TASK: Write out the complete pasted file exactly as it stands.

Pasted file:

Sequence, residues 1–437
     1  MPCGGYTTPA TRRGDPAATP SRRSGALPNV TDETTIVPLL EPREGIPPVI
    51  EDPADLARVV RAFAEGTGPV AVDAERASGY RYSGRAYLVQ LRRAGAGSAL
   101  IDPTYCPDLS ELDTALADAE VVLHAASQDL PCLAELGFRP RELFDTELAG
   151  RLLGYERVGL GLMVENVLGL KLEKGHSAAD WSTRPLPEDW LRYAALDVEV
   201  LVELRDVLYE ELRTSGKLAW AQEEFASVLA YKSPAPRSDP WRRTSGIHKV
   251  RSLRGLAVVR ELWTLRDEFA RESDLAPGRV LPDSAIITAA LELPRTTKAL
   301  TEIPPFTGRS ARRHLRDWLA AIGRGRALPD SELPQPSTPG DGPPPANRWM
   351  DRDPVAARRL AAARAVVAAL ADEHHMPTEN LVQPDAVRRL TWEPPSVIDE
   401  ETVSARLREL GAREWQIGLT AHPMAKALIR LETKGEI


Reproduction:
Sequence, residues 1–437
     1  MPCGGYTTPA TRRGDPAATP SRRSGALPNV TDETTIVPLL EPREGIPPVI
    51  EDPADLARVV RAFAEGTGPV AVDAERASGY RYSGRAYLVQ LRRAGAGSAL
   101  IDPTYCPDLS ELDTALADAE VVLHAASQDL PCLAELGFRP RELFDTELAG
   151  RLLGYERVGL GLMVENVLGL KLEKGHSAAD WSTRPLPEDW LRYAALDVEV
   201  LVELRDVLYE ELRTSGKLAW AQEEFASVLA YKSPAPRSDP WRRTSGIHKV
   251  RSLRGLAVVR ELWTLRDEFA RESDLAPGRV LPDSAIITAA LELPRTTKAL
   301  TEIPPFTGRS ARRHLRDWLA AIGRGRALPD SELPQPSTPG DGPPPANRWM
   351  DRDPVAARRL AAARAVVAAL ADEHHMPTEN LVQPDAVRRL TWEPPSVIDE
   401  ETVSARLREL GAREWQIGLT AHPMAKALIR LETKGEI